AMMAN (Reuters) - The United States imposed new sanctions on key Syrian government figures after security forces killed more than 60 people across Syria during demonstrations demanding the overthrow of President Bashar al-Assad.
A medical source told Reuters that soldiers in Deraa killed 19 people on Friday when they fired on thousands of protesters descending from nearby villages in a show of solidarity with the southern city where Syria's uprising broke out six weeks ago.
Syrian human rights group Sawasiah said it had the names of a total of 62 people killed during protests in Deraa, Rustun, Latakia, Homs and the town of Qadam, near Damascus. The Syrian Observatory for Human Rights gave a similar death toll.
Friday's bloodshed came after demonstrators across the country again defied heavy military deployments, mass arrests and a ruthless crackdown on the biggest popular challenge to 48 years of authoritarian Baath Party rule.
President Barack Obama imposed new sanctions against Syrian figures, including a brother of Assad in charge of troops in Deraa, the first reprisal for Syria's violent crackdown.
Obama signed an executive order imposing sanctions on the intelligence agency, Assad's cousin Atif Najib and his brother Maher, who commands the army division which stormed into Deraa on Monday. Iran's powerful Revolutionary Guard was also targeted, accused of helping the Syrian crackdown.
"The sanctions that were announced today are intended to show the Syrian government that its behavior and actions are going to be held to account," U.S. Secretary of State Hillary Clinton told reporters.
Shortly after Obama's move, European Union diplomats said they had reached preliminary agreement to impose an arms embargo on Syria and would "urgently consider further appropriate and targeted measures." These, diplomats said, were understood to mean measures against individuals.
Obama's sanctions, which include asset freezes and bans on U.S. business dealings, build on U.S. measures against Syria in place since 2004, but they may have little impact since Assad's inner circle are thought to hold few U.S. assets.
One official said the White House was "not ready" to call on Assad to step down because Obama and his aides "do not want to get out in front of the Syrian people."
But thousands of Syrians took to the streets across the country after Friday prayers demanding his removal and pledging support for the residents of Deraa.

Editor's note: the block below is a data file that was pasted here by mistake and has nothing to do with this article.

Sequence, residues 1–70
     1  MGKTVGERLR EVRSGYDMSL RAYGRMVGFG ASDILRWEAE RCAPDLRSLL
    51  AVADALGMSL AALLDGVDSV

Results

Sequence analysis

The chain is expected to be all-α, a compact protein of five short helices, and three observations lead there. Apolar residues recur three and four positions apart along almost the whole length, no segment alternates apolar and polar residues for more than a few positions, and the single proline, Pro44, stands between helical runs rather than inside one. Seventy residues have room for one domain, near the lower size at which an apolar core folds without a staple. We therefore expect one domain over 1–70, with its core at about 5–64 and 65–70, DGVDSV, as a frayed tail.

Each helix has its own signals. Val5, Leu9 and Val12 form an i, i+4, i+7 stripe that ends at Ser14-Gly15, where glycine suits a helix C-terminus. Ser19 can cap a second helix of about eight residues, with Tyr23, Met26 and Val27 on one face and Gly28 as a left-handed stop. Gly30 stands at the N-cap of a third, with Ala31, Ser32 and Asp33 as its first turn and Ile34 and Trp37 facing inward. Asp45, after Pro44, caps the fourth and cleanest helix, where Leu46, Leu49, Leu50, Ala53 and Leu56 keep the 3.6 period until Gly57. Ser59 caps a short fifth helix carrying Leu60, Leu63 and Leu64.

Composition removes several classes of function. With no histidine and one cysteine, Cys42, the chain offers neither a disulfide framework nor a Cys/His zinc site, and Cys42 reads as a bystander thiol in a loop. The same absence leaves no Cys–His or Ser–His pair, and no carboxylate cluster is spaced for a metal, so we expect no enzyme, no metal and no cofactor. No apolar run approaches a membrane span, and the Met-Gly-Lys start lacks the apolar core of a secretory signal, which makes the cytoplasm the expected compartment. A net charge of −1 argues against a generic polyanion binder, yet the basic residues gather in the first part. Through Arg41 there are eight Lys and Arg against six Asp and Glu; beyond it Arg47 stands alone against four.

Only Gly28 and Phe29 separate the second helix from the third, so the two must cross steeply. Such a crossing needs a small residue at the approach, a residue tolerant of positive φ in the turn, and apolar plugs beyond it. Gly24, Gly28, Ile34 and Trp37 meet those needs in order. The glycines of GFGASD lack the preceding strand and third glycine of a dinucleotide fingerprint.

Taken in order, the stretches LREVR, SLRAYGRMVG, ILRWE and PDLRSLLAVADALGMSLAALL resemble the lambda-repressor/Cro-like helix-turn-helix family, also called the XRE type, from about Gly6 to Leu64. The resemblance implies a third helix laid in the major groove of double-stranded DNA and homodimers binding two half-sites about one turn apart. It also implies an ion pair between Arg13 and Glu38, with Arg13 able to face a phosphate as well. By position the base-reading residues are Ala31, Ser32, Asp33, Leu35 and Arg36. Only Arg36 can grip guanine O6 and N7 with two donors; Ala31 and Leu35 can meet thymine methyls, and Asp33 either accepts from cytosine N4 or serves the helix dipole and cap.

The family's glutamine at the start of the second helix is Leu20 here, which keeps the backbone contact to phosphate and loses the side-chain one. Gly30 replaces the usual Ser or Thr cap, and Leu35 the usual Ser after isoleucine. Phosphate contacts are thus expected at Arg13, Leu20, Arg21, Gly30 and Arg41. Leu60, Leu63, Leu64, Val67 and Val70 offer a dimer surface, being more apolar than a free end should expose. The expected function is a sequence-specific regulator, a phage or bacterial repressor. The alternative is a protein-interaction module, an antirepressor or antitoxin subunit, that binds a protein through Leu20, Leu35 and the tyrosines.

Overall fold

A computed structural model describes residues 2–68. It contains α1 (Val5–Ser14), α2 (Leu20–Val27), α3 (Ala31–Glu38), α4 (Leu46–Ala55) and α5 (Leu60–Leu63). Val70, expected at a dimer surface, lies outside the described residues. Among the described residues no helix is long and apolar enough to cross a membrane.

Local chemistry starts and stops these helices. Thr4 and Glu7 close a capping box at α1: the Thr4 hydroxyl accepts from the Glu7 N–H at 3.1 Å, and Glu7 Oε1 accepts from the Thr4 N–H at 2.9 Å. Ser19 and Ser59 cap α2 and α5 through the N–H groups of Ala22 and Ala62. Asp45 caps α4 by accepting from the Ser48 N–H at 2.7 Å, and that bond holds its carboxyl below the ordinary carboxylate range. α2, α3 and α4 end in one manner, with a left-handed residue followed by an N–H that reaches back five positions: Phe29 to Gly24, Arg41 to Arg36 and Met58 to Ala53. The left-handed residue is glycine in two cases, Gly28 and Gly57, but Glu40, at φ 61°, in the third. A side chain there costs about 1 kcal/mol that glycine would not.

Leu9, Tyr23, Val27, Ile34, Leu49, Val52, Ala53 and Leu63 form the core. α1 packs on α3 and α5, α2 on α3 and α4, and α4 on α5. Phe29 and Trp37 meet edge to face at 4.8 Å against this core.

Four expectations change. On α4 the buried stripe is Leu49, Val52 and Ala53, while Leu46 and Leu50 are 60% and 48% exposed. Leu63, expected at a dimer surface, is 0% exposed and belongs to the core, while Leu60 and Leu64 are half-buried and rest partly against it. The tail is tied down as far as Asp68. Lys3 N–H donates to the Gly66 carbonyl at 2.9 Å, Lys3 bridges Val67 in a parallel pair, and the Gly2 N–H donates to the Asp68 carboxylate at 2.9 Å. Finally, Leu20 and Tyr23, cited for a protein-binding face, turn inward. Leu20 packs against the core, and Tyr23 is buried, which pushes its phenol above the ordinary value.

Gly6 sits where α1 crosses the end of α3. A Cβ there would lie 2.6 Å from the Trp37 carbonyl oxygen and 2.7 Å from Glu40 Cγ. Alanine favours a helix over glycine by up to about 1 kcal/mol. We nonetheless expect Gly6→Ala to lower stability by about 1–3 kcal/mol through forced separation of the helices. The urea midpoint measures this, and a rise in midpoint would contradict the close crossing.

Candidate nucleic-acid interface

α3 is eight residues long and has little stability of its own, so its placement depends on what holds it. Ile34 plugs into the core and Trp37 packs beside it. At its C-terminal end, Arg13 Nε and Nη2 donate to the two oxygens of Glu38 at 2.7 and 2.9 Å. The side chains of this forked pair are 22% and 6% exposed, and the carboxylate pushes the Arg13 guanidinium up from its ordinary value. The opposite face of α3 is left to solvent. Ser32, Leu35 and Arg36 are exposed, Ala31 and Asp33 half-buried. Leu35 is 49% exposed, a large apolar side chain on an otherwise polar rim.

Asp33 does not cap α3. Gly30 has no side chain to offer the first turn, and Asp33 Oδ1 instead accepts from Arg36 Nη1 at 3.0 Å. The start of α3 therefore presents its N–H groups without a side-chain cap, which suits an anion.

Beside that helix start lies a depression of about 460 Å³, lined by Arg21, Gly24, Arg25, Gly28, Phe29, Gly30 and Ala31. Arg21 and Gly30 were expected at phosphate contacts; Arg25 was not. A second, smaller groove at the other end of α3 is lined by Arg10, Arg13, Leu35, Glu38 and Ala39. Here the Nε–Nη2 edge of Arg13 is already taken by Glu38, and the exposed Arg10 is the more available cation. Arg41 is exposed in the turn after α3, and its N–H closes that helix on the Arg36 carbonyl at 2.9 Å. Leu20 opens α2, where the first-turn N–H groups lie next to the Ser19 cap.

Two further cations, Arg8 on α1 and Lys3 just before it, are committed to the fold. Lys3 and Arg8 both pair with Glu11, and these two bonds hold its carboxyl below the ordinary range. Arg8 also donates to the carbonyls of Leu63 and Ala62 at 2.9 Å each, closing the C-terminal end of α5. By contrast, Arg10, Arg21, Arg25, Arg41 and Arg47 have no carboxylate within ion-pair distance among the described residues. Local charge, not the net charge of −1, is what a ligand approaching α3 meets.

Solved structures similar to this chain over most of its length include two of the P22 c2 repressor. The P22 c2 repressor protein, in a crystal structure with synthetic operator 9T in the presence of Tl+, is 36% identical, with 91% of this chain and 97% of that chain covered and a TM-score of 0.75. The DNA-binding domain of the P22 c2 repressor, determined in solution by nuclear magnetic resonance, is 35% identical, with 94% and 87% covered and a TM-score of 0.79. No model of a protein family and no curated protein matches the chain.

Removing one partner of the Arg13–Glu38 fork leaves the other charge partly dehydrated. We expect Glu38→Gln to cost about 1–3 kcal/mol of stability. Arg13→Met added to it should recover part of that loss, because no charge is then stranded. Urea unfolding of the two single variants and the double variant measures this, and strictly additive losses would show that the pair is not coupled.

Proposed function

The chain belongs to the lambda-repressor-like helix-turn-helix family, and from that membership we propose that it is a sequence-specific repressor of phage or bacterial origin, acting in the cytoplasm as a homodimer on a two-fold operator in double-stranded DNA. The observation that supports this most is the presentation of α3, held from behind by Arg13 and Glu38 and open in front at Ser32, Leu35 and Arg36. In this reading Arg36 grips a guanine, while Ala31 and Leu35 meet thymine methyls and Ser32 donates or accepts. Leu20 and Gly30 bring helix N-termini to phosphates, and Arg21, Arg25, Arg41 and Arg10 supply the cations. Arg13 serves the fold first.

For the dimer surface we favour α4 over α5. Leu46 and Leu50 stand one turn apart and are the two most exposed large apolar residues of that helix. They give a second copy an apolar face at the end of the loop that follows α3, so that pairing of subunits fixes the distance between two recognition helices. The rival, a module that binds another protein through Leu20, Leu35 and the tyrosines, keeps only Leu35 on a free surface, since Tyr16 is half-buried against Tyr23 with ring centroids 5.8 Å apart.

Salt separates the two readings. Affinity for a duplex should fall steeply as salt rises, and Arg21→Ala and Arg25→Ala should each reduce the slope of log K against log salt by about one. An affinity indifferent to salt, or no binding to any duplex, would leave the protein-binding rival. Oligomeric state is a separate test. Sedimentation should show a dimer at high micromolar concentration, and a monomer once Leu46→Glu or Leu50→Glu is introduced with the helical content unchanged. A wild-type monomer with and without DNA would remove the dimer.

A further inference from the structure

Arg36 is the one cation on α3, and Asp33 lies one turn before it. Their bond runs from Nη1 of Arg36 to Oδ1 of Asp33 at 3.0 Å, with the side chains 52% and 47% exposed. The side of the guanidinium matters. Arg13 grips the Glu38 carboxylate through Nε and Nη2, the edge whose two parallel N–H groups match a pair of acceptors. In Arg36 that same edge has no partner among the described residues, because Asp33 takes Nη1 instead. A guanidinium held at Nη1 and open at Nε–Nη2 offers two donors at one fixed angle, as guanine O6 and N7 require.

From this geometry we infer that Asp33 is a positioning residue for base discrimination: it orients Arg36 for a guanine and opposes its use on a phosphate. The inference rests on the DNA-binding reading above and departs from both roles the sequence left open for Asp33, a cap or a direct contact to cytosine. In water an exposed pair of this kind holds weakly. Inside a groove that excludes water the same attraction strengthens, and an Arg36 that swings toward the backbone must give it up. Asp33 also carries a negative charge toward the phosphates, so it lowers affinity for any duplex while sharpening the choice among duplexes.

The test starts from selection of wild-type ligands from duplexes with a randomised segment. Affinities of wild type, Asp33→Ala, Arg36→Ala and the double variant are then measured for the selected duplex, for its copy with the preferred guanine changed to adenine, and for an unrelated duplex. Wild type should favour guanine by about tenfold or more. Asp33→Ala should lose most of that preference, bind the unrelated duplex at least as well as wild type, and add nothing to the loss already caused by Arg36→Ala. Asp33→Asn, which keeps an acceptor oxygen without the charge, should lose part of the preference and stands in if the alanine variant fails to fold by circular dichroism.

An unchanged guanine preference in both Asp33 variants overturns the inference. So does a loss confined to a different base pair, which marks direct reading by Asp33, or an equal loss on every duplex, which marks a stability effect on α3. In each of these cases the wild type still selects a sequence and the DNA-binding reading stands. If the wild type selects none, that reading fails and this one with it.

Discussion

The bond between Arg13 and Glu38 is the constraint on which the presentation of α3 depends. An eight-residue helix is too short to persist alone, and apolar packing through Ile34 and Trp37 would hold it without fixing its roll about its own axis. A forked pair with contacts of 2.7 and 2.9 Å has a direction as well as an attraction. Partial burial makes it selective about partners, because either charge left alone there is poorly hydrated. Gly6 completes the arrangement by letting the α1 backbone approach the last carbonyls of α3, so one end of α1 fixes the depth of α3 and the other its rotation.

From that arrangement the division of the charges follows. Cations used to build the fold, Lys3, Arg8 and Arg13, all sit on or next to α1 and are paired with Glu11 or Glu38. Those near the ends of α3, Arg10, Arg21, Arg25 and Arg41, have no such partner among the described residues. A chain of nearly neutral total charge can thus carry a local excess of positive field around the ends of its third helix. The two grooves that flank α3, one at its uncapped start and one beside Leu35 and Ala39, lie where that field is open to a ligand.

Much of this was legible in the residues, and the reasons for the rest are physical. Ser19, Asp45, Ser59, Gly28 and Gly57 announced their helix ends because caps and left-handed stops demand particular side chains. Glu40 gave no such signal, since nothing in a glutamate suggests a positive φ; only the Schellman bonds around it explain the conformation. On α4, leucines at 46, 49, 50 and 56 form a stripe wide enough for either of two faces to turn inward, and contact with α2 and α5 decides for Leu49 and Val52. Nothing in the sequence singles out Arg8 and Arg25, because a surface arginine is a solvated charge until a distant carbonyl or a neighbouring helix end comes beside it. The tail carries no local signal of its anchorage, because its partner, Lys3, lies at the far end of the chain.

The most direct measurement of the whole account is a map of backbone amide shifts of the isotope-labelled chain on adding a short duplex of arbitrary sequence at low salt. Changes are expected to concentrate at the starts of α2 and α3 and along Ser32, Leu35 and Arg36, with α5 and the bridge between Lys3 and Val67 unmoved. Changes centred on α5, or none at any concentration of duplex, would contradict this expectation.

"The people want the overthrow of the regime!" demonstrators chanted in many protests, witnesses said.
More demonstrations flared in the central cities of Homs and Hama, Banias on the Mediterranean coast, Qamishly in eastern Syria and Harasta, a Damascus suburb.
Damascus saw the biggest protest in the capital so far, with a crowd swelling to 10,000 as it marched toward the main Ummayad Square before being dispersed by security forces firing tear gas, rights campaigners said.
Syrian rights group Sawasiah said this week at least 500 civilians had been killed since the unrest broke out six weeks ago. Authorities dispute that, saying 78 security forces and 70 civilians died in violence they blame on armed groups.
State news agency SANA blamed "armed terrorist groups" for killing eight soldiers near Deraa. It said groups had opened fire on the homes of soldiers in two towns near Deraa and were repelled by guards. SANA said security forces detained 156 members of the group and confiscated 50 motorbikes.
But a witness in Deraa said Syrian forces fired live rounds at thousands of villagers who descended on the besieged city.
"They shot at people at the western gate of Deraa in the Yadoda area, almost three km (two miles) from the center of the city," he said.
A rights campaigner in Deraa said on Friday makeshift morgues in the city contained the bodies of 85 people he said had been killed since the army stormed the city, close to Syria's southern border with Jordan, on Monday.
Assad's violent repression has brought growing condemnation from Western countries which for several years had sought to engage Damascus and loosen its close anti-Israel alliances with Iran and the militant groups Hezbollah and Hamas.
The top United Nations human rights body condemned Syria for using deadly force against peaceful protesters and launched an investigation into killings and other alleged crimes.
A U.S. official said Friday's sanctions were meant to show that no member of the Syrian leadership was immune from being held accountable. "Bashar is very much on our radar and if this continues could be soon to follow," the official said.